Background: Reliability of continuous glucose monitors (CGM) is a prerequisite for therapeutic dosing of insulin without the need for confirmatory blood glucose meter measurements. Interference of CGMs with commonly prescribed substances has not been extensively evaluated. Methods: We sought to undertake a novel pilot study to determine the susceptibility of FDA-approved CGM systems (Medtronic Guardian Sof-Sensor, Dexcom G4 Platinum) to erroneous readings in the presence of common medications. CGMs were placed on the abdomen of healthy subjects 48 hours prior to study. Subjects were admitted to the Clinical Research Trials Unit (CRTU) on the evening before study and fed a standard supper. The following morning, an oral medication was administered in the fasted state and blood was sampled for 9 hours. CGM values were compared to ambient glucose (measured with YSI) to observe variations in CGM readings. Microdialysis catheters were also placed in the abdomen to sample interstitial fluid (ISF) for drug concentrations. Results: Nineteen healthy drug-naïve subjects without diabetes participated in the study. A drug/substance was tested up to a maximum of nine times on separate occasions. Comparison of CGM glucose patterns to actual plasma glucose concentrations show several drugs, including lisinopril, albuterol, and acetaminophen, appear to interfere with commonly used CGM devices. Wine also interfered with CGM readings. Conclusions: We conclude there is some evidence of CGM interference with lisinopril, albuterol, acetaminophen, atenolol, and red wine. Future studies are required to address interference with newer sensors being approved or in the process of approval.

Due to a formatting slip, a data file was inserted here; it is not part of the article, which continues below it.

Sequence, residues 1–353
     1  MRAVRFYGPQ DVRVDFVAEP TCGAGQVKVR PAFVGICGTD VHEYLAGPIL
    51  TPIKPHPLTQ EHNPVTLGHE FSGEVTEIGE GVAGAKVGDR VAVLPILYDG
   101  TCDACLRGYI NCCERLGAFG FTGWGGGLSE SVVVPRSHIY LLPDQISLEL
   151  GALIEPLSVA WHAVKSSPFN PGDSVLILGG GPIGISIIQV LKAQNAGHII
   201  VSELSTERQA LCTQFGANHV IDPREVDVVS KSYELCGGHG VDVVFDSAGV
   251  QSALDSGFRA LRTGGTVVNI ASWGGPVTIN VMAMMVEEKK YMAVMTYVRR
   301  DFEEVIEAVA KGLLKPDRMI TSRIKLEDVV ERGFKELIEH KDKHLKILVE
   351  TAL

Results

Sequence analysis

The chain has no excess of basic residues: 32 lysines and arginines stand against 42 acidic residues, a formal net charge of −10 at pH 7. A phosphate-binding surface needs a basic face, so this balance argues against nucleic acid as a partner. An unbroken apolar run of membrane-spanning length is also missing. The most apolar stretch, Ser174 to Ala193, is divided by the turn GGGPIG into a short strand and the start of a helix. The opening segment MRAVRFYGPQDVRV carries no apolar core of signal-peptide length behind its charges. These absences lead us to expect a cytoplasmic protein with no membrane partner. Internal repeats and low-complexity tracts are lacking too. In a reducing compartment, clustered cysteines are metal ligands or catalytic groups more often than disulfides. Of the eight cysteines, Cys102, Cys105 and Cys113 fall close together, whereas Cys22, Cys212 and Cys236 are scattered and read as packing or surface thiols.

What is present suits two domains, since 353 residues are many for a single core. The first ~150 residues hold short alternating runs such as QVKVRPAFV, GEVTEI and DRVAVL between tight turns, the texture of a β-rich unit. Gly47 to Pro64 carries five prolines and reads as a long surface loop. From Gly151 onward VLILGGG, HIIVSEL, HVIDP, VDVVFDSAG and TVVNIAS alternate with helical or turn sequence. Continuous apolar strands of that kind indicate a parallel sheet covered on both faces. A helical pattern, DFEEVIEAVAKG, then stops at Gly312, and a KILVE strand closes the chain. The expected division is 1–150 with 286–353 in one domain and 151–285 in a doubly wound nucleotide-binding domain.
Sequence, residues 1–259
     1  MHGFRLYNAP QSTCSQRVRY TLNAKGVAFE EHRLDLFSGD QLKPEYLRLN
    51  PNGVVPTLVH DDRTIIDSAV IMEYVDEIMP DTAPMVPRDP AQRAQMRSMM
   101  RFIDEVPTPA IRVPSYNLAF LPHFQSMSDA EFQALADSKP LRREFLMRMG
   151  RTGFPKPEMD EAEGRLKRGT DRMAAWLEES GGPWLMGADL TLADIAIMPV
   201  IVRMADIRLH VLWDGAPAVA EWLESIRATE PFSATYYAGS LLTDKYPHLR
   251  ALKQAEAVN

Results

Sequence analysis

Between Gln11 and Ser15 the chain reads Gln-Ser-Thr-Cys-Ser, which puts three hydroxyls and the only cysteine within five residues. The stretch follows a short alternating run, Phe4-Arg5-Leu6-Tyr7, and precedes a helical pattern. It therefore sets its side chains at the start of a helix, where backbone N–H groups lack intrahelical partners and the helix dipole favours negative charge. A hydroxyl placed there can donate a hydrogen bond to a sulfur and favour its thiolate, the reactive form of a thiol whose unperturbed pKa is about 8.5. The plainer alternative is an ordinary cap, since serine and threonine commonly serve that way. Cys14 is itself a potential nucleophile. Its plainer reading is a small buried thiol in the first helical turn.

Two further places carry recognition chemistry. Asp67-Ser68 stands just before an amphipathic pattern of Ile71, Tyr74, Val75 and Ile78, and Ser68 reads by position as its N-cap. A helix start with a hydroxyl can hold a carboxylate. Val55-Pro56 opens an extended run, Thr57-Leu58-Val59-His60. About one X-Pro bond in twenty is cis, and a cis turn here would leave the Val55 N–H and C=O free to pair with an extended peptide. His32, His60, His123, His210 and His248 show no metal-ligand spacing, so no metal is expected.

- continuous glucose monitors
ASJC Scopus subject areas
- Internal Medicine
- Endocrinology, Diabetes and Metabolism
- Biomedical Engineering